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Monday, May 20, 2002

Bird Ringing in Greece

            During the first two weeks of May 2002 (30th April-14th May), Trevor Squire from Rye Bay Ringing Group, Icklesham, Andy Welch from the Stour Ringing Group, Clairie Papazoglou from the Hellenic Ornithological Society (H.O.S.) and I travelled to the island of Antikythira in Greece to continue with the ringing studies that started in spring of 1998. Danae Portolou (H.O.S.) joined us on the 08th May.

            The island is approximately 20 sq kilometres and is situated 38 kilometres southeast of Kythira; the most remote island in the Aegean Sea. The island became famous when sponge divers, during the 1900’s, found an ancient ship at a depth of 55 metres. One of the later discoveries was the famous Mechanism of Antikythira. Historians say the mechanism appears to be a device for calculating the motions of the stars and planets and is aged at about 2000 years old. It is now on display in the Athens National Museum.
Antikythira port
            We arrived at Athens airport on the 28th April and were picked up by Costas Papaconstantinou. Costas worked for the Environmental Education Authority and was on the board of directors for H.O.S. After a short drive Costas dropped us off at Clairie’s flat where we spent the first two nights.
            We had a free day before travelling to Antikythira; it was decided to visit a wildlife rehabilitation centre on a nearby island. The Hellenic Wildlife Hospital is based on the island of Aegina, just a forty-minute ride from the Port of Pireas by boat. The centre has been running since 1989 in different locations and on Aegina. In September 2001 moved to its new location on the island. The new facility has large spacious aviaries for the birds to exercise, an intensive care treatment room and an education centre. Maria Ganoti, who jointly runs the centre, showed us around and graciously allowed us to handle some of the birds including Lesser Kestrel, Pallid Harrier, Short-toed Eagle, Raven and Bittern. The majority of all the birds brought in are victims of illegal shooting; up to 8o%. During hunting season this number can easily rise to 90%.
Short-toed Eagle
The following morning, we travelled by bus from Kifissos down to Gytheio (4 hours) in southern Greece to catch a boat to Antikythira. Costas Tenekentzis, the Project Co-ordinator of the Sea Turtle Protection Society of Greece, met us. All of our luggage and provisions were placed on the boat, and with an hour to spare we went to see the Information and Scientific Station at Skala. The station is in Lakonikos Bay in the town of Peloponnesos; one of the main breeding areas for the Sea Turtle in the region.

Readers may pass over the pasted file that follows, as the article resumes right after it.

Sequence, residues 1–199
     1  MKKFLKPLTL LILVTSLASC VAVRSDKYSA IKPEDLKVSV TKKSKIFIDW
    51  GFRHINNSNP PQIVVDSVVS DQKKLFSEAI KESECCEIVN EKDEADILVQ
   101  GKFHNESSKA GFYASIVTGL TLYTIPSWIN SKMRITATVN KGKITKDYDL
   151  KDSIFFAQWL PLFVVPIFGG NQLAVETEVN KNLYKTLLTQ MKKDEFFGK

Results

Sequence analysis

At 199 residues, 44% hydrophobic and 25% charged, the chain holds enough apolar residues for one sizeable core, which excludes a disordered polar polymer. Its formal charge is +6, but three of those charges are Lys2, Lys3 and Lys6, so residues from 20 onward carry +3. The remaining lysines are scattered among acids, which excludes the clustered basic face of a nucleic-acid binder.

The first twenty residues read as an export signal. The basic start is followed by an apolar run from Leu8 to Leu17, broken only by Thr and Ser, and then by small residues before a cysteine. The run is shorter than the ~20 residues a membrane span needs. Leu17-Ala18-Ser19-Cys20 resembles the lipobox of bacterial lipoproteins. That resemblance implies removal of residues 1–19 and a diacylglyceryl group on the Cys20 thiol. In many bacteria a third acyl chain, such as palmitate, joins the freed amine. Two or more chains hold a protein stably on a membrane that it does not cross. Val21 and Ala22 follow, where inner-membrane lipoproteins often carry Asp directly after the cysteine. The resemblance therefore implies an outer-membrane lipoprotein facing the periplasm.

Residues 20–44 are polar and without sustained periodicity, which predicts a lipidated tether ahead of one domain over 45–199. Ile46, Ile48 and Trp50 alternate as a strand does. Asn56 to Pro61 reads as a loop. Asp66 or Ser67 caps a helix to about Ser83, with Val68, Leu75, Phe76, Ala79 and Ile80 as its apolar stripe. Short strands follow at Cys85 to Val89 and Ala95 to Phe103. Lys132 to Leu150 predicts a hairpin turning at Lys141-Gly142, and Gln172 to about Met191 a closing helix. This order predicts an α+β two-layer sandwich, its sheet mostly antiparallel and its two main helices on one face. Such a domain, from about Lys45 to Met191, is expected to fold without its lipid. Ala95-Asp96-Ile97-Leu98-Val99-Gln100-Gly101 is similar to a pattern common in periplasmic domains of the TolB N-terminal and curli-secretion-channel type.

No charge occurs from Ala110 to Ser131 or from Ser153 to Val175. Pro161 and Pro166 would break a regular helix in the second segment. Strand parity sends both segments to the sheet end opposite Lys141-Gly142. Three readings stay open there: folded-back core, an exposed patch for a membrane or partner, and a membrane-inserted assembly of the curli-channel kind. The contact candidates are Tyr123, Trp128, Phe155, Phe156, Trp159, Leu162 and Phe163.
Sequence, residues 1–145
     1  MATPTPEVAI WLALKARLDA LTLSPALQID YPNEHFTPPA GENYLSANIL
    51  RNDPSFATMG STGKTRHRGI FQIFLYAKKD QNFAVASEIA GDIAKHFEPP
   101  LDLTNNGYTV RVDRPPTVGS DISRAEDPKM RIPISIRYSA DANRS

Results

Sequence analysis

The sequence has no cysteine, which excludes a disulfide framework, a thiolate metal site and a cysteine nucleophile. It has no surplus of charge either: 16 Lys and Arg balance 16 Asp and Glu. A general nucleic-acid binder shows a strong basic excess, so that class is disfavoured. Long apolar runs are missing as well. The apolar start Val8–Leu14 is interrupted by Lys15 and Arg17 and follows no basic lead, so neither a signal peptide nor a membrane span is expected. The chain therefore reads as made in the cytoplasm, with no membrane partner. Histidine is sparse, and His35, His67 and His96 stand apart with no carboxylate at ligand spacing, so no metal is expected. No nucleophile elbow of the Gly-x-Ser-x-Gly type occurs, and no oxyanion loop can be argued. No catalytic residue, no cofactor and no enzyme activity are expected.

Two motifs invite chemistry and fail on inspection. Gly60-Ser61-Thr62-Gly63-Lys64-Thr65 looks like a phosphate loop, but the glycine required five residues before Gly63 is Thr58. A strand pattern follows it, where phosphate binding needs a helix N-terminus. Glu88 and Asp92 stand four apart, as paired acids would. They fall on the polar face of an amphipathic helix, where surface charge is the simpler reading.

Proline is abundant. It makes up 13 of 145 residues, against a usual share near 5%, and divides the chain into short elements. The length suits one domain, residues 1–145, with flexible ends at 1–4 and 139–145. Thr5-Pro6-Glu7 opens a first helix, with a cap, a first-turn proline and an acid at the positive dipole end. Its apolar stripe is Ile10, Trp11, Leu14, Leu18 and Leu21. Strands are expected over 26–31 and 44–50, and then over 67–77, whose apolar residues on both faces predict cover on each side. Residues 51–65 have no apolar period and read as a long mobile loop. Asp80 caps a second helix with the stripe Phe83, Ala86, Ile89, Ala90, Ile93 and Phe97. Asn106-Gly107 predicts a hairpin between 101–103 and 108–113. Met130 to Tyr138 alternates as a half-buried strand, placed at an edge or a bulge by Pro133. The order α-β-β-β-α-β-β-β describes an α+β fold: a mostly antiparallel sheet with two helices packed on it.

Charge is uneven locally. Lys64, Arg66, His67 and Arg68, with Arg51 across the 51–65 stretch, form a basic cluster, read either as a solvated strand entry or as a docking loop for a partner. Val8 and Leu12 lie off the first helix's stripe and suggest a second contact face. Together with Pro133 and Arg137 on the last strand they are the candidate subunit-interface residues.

The journey from Gytheio to Antikythira took about four hours with a stop at  Kythira. This time was spent relaxing and doing a little bird watching; this produced good views of Cory’s Shearwater and Yellow-legged Gulls. We arrived on Antikythira Island at about 9:30 p.m. and after a bite to eat were taken to the old school house, which would be our home for the next two weeks.
The old school house
            The old school house had three main rooms: the classroom, which can easily house four to five people; a smaller room with double bed, and a kitchen. The toilets are in a separate block, and have a sink and running water. There was also a tap outside the kitchen; perfect for doing dishes and washing your hands. In the kitchen, there is a double burner for cooking, a fridge, a sink and pots, pans, cutlery, plates etc. The facilities were very basic, but perfectly adequate and comfortable for a short stay. During the whole of our visit, we were very lucky to have the help of a local man named Giorgos. He provided us with constant drinking water and drove us back and forth each evening to the town port for meals; about 10 minutes by car from the school house.
            The first morning was spent clearing net rides and putting up nets; these were located about a ten minute walk from the old school house, so the ringing station was set up close by in an olive grove. There were five main netting areas: A. 7 x 40 ft. 1 x 30 ft. nets, and these ran through a small valley and across a small bridge. B. 2 x 60 ft. 3 x 40 ft. 2x 30 ft. nets, these covered an open area mixed with bushes. C. 2 x 60 ft. 2 panel nets put across a field of wild flowers. D. 3 x 40 ft. 1 x 60 ft. nets set up within the olive grove. E. 2 x 60 ft. 2 x 40 ft. 1 x 30 ft. nets placed around a small copse of olive trees and through a small field.Though most of the morning was spent putting up nets, we managed to catch 88 birds of 19 different species including Pallid Harrier, Golden Oriole, Bee-eater, Icterine Warbler and Collared Flycatcher. Not a bad start!!!